I usually just say that I do a lot of brand advertising and intellectual property work, and somehow people walk away with that remembering, “Craig works on TV commercials,” which isn’t a huge chunk of what I do. But they understand that more than brand legal communications. When I started in the social/digital area, my wife just thought that I played on the internet. I got started on the social media track within law because when social media was growing in popularity, I wanted to be able to prepare my clients. I also try to stay ahead of trends, and right now I’m really into crypto.

Q: What is your interest in cryptocurrency?

When I heard about crypto, I dug into it, and it seemed to be something that could disrupt the financial services industry. I knew that if I was going to work in the legal area at a bank, I should be aware of it as a potential competitor. I fell down a rabbit hole and started learning about it, just so I could speak intelligently if someone came to me discussing crypto. I have read about 25 different books that cover crypto, bitcoin, ethereum, the history of the monetary system and how it fits in there. I really feel like digital currencies are going to disrupt the financial services industry.

Q: If you were not a lawyer, what would you do?

I would be a baseball scout or a bartender.

Q: What's your favorite social network?

Twitter. I was on Twitter before Twitter was cool. It's sort of like walking into a bar and the conversations are just going on, and you just kind of pick up what you want; you don't feel like you've missed anything if you're not there. Twitter is like the internet’s bar. For almost everything, I tend to speak in music, movie, or sports references, and that’s shown on my Twitter account.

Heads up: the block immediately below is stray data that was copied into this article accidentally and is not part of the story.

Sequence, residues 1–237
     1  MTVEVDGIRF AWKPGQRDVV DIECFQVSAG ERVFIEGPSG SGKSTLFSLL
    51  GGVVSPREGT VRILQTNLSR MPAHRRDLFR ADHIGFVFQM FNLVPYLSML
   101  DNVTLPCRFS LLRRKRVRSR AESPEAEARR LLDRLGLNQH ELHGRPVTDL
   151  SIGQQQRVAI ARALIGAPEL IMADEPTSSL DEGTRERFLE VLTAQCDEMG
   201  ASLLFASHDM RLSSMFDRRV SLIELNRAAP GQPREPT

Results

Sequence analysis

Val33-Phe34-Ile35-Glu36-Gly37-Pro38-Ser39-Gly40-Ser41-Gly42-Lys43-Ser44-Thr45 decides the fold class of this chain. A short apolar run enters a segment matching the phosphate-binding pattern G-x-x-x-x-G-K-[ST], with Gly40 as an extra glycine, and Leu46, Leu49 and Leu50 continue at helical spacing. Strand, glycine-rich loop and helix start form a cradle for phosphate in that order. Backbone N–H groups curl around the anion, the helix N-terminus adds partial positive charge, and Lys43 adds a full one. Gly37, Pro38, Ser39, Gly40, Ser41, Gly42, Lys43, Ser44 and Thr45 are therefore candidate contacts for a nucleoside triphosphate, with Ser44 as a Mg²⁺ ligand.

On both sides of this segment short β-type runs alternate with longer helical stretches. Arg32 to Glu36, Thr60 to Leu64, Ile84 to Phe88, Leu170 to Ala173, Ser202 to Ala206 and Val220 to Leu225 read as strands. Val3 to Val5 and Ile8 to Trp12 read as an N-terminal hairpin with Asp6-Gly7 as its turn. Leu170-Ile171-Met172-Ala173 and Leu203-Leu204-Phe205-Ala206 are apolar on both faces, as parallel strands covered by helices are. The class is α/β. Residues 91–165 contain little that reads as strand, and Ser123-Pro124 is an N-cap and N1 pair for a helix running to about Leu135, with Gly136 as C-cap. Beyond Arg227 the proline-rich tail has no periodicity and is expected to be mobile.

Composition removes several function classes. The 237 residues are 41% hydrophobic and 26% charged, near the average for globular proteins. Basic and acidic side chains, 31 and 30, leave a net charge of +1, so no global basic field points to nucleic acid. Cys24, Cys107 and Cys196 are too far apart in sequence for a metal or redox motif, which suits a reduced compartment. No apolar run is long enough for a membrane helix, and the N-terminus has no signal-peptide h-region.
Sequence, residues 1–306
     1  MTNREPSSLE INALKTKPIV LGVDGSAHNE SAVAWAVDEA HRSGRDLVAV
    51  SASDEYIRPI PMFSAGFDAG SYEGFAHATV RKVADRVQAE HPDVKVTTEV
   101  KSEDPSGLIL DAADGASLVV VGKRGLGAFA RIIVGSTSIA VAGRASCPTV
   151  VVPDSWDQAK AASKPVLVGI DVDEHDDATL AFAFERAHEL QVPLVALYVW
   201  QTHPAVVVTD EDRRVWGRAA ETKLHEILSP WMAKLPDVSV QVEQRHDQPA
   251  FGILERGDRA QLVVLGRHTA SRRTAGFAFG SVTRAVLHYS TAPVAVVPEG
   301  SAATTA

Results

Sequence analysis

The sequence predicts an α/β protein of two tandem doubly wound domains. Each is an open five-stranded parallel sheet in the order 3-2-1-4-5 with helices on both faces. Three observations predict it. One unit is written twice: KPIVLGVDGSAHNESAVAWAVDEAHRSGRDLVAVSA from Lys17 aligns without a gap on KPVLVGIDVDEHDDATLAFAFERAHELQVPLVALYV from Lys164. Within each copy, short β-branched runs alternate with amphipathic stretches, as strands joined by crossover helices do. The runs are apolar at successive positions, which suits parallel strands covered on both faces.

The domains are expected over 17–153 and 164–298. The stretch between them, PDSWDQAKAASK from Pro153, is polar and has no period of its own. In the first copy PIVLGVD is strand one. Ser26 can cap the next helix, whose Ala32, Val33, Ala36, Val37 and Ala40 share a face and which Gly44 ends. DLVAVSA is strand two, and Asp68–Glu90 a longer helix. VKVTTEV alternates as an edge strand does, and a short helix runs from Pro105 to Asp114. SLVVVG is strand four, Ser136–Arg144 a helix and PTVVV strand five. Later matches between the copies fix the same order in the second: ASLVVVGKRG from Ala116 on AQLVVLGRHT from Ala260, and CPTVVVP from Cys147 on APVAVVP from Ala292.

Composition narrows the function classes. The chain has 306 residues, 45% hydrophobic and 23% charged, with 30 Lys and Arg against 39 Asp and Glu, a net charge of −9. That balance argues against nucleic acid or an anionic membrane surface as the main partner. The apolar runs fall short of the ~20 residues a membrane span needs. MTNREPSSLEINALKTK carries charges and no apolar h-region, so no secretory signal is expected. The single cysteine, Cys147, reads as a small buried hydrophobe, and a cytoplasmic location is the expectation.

Q: Tell us about your career path.

Inexplicably random things have happened to make my career; it was not a straight-line trajectory. Some of the lines didn't make any sense at all! I can't really tell you, “This is what you should do if you want to get here,” but what I would say is just to go follow what interests you, and that's always been what has led me to my next thing.

Q: What is the best piece of advice you received?

A lot of what attorneys do is writing, but I got advice years ago to focus on my own writing and not to edit everything I receive to death. A mentor once told me, “Nothing you’re editing is the Magna Carta.”

Q: Is there anything we haven't covered that you would want people to know?

Our work on the Brand, Intellectual Property, Trademark and Copyright team isn’t always the typical 9-to-5 job. I’ve had internal crisis calls at 9:00 p.m. while on the sidelines of my son's baseball game and other situations that require immediate review and legal approval. I’ve worked on late-night cuts for the NBA finals, early morning Good Morning America clips, and real-time approvals for the Wells Fargo Championship. You have to have a willingness to roll with the punches and flexibility, relying on your experience to make decisions and trust that you’re doing what’s right when there is no precedent. That’s the fun stuff.

We hope you had fun meeting Craig. If you want to join a company where you can work with people like him, check out open opportunities on wellsfargojobs.com.